Porsche’s massive 20-hectare Experience Center in Carson, California has been open for just over a year now (November 11th was the official anniversary), and Porsche hasn’t stopped celebrating since. It’s a truly awe inspiring facility with off road, race track, and slick surface training courses available, much like the Atlanta campus.
We’ve visited both Experience Centers in the past, but on Tuesday we were given the unique experience to attend an event co-hosted by Porsche and Rolling Stone magazine, an event they called “Engine Notes”, consisting of a unique combination of performance hybrid Porsches and good, old-fashioned Rock & Roll. It was a whole lot of fun, and it happened really quickly, so here’s how the event went through our eyes.
I didn’t know what to expect of the event, but I’d heard rumor that we’d be afforded laps of the track in current Porsche models. I made a bee-line for the back of the building, and seconds later I found my way outside to check out the situation. I was immediately swept into the passenger seat of the nearest waiting Porsche Panamera 4 E-Hybrid, and by luck of lucks it was the ultra quick professional drifter Dai Yoshihara behind the wheel. Even though the Panamera is quite a large car, we managed to find nearly 90 miles per hour on the speedometer, and the performance felt impressive from the right seat. Dai was an excellent driver, holding a calm conversation while hustling the car at 9/10ths, it was truly a memorable experience. Just watch how smooth he is in the video above.
Following my ride-along, I walked back into the building and made a quick lap of the facility shaking hands with other attendees and folks I recognized (John Benton, Jeff Zwart, etc.), grabbing an hors d’oeuvre or two along the way. There were a few other awesome Porsches inside the lobby. Porsche was promoting their hybrid tech, and had a gorgeous Riviera Blue 918 Spyder, a 919 Hybrid LMP1 show car, a new Panamera 4 E-Hybrid, and a current generation Cayenne E-Hybrid on display. In the motorsport workshop were a few more awesome cars from Porsche’s history, including a pair of 911 GT1s, an Indycar, an RS Spyder LMP2, one of the Dakar 959s, Sally Carrera from the Cars movie, and a 917/30 mid-restoration. These Porsches didn’t play into the narrative of the event, they were just what the workshop was working on at the moment.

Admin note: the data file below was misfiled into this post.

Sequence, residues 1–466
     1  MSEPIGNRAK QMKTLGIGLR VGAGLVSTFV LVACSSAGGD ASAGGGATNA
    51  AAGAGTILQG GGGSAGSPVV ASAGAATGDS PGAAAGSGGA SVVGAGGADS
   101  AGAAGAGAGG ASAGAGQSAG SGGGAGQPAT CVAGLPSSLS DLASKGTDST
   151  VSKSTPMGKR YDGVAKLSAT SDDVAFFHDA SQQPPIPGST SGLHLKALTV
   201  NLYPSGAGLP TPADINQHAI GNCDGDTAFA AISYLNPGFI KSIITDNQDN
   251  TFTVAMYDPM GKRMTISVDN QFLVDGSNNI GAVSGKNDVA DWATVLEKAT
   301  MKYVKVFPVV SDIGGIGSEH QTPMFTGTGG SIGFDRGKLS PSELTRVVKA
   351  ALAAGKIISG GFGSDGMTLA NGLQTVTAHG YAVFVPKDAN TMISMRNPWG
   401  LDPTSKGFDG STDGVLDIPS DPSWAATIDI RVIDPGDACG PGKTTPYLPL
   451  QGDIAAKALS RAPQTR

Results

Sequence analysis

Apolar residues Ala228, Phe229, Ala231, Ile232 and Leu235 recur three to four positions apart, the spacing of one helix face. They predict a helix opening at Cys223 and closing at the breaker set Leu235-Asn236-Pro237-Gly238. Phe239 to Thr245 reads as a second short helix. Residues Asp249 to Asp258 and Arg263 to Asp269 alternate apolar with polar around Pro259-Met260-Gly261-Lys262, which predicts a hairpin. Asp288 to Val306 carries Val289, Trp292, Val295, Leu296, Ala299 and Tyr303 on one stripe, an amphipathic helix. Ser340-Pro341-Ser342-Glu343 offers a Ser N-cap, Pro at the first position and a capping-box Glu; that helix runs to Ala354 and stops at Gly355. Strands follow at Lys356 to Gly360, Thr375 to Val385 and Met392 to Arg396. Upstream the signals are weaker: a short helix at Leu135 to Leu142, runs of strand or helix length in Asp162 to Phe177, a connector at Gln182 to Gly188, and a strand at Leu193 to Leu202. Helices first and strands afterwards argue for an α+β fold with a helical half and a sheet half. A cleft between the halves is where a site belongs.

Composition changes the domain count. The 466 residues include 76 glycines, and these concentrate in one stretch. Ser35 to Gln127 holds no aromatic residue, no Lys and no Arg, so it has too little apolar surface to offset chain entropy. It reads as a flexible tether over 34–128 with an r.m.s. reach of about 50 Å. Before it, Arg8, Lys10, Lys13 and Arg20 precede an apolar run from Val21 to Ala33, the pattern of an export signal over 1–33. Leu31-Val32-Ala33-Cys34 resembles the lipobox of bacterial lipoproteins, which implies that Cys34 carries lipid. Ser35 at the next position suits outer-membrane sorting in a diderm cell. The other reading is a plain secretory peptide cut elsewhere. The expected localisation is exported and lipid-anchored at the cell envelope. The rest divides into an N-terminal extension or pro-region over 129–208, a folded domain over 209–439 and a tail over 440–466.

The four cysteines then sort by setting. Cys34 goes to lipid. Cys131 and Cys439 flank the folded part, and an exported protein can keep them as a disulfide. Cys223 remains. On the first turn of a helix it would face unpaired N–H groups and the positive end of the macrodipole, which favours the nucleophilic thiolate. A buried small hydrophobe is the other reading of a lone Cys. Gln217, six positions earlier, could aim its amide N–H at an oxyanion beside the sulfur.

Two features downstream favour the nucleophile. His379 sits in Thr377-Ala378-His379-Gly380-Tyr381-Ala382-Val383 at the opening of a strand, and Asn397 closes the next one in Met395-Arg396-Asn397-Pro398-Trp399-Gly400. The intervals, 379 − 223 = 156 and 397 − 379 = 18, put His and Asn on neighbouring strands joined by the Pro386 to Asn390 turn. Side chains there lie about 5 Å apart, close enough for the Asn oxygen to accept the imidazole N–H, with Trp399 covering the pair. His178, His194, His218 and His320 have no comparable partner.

Let The Show Begin
Before I knew it, the show was ready to begin. Outside, next to the race track, Porsche had assembled a stage for the band to entertain from. The band, called Royal Machines, was an amalgam of popular ’80s and ’90s rockers, including Dave Navarro (Red Hot Chili Peppers & Janes Addiction), Mark McGrath (Sugar Ray), and Billy Morrison (The Cult & Billy Idol). They played a wide variety of songs, mostly high quality covers, and a few songs made popular by their former bands. During a few of the songs, Porsche sent a some of their Panameras out on track to shoot some action shots, which was cut-in and displayed on the screen behind the band. After a dozen songs or so, the show paused for a moment to get a few things set up.
Two of the Panameras had this strange apparatus hooked up to the back where the spoiler would normally be. Each of these display boards were used as graphic equalizers during a song with one Porsche’s display in green and the other in red. Porsche was shooting a promotional video that should debut shortly (check back soon, as we’ll post it as soon as Porsche sends it along). When the lights came back up, the band played a surprisingly faithful rendition of ZZ Top’s “La Grange” and the Panameras shot off onto the track, one lit up in green, the other lit up in red.
Each of these two “hero” Panameras had been prepared with gaff tape to cover exterior lamps, including the tail lights, front side markers, and daytime running lights. Each had also received vinyl overlays over their headlamps, again one in green and the other in red. A three minute exhibition of driver talent, including tandem drifts around the low-grip surface skid pad, a kick-plate spin for each Porsche, and a one-on-one touge-style chase around the circuit.
And with a flash it was all over
The band concluded, the Porsches were parked, and ignition keys were handed in. Another few minutes of mingling and we were shuffled outside to the valet stand to head out for the night. This event was short and sweet, just three hours from beginning to end, but it’s one we won’t soon forget.
Thanks to Porsche and Rolling Stone for inviting us to be a part of this.